Will the Pandemic Cause Food Shortages?

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Wharton’s Marshall Fisher talks with Wharton Business Daily on Sirius XM about what’s behind the supply chain disruptions in grocery stores.

In Idaho, farmer Ryan Cranney piled up 2 million potatoes he couldn’t sell during the coronavirus pandemic and gave them away. In Minnesota, contract farmers Kerry and Barb Mergen watched helplessly as a company crew euthanized 61,000 egg-laying hens because the demand for liquid eggs used by restaurants evaporated. And across the country, supermarket chains are limiting customers to two packs of meat, pork or chicken because processing plants have ramped down production as workers fall sick with the novel virus.

The news of farmers dumping milk and plowing over produce are hard to reconcile with the equally heartbreaking stories of desperate families queueing in long lines at food banks. The conflicting images have many people wondering why unsold food cannot be redistributed to charities that help the needy, and whether empty grocery store shelves mean America should also brace for a hunger pandemic in some regions.

The answer is as complex as the food supply chain, Wharton experts say. But the situation isn’t as worrisome as it appears.

“I don’t think we are going to starve at an aggregate level. There is enough food to feed everyone,” said Senthil Veeraraghavan, Wharton professor of operations, information and decisions. “But at the individual level, there is definitely going to be difficultly to access food in some places, for some people.”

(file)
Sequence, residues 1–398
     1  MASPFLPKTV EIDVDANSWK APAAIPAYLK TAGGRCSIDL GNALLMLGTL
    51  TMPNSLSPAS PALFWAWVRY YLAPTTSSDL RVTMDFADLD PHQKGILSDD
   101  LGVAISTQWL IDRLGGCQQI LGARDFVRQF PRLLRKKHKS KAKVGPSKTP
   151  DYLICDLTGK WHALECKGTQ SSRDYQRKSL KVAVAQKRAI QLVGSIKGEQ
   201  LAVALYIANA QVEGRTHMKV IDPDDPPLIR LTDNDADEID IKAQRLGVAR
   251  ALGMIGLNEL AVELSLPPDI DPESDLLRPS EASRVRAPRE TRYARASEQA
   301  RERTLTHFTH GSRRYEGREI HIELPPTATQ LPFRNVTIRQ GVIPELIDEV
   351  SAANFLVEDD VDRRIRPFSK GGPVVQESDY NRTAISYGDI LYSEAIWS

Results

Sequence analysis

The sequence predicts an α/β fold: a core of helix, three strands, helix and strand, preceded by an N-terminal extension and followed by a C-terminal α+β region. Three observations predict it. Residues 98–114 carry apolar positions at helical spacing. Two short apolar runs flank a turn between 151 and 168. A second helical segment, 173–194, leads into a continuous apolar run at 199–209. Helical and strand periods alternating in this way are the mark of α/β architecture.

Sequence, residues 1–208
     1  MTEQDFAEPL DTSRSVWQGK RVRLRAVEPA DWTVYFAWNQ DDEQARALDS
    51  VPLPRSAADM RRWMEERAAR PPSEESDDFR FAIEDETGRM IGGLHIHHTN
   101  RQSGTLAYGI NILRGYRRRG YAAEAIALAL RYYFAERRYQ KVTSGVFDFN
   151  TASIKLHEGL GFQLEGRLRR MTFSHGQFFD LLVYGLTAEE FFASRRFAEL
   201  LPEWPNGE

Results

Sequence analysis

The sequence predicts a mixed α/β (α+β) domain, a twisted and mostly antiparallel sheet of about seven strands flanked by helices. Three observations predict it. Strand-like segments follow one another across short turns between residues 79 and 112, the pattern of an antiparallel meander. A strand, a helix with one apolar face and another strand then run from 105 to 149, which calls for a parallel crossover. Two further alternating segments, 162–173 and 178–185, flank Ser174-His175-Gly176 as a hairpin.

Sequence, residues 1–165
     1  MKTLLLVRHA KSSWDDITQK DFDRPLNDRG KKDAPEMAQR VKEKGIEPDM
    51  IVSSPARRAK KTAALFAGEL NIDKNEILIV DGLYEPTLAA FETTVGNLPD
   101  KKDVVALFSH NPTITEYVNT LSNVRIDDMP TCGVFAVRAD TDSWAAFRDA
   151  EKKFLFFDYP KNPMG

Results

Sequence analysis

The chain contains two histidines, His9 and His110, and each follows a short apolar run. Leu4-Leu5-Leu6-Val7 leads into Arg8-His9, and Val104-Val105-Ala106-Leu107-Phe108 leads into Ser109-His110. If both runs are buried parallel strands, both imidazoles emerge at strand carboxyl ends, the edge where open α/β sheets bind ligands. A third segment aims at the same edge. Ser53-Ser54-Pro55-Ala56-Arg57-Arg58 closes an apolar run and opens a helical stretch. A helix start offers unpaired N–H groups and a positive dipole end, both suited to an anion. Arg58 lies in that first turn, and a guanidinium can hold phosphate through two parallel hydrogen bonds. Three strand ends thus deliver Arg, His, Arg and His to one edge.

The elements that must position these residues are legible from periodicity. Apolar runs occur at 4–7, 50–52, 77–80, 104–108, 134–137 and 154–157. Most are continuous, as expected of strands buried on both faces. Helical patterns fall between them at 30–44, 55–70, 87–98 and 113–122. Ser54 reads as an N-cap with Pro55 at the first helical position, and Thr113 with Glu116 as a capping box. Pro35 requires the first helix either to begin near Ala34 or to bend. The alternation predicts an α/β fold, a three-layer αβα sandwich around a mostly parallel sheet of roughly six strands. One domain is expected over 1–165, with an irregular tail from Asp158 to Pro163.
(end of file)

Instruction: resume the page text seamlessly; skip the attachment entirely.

The fact that farmers are destroying millions of pounds of perishables is evidence that there is plenty of food in production. It’s the breakdown of supply chains that has left store shelves barren, driving up costs for consumers. Prices for groceries jumped 2.6% in April, the largest monthly increase since 1974, according to the U.S. Department of Labor. Meats, poultry, fish and eggs rose 4.3%; fruits and vegetables climbed 1.5%; and cereals and bakery products moved 2.9%.

“We see micro disruptions when we go to the store every day, and that’s because the food supply chain is very complicated.” Marshall Fisher

“We are roughly in balance at the aggregate level, but [there are] incredible disruptions at the micro level,” professor Marshall Fisher said during a segment of the Wharton Business Daily radio show on Sirius XM. (Listen to a podcast at the top of this page.) “That’s why you see this paradox of farmers throwing away milk and shelves empty of milk. My wife went to Costco this morning to do the shopping, and there was lots of milk and no toilet paper. We see micro disruptions when we go to the store every day, and that’s because the supply chain is very complicated.”

The Toilet Paper Problem

Suppliers that sell mostly to commercial buyers cannot easily repackage items for residential use. That means industrial-sized rolls of toilet paper designed for use in office buildings, for example, can’t quickly be switched out for retail stores. With so many restaurants and businesses closed to the public during the pandemic and food consumption shifting to the home, manufacturers suddenly find themselves without their usual commercial customers.

“I’m told that 40% of toilet paper was used outside of the home prior to this, so just take that one thing, and toilet paper sales in stores are way up,” Fisher noted.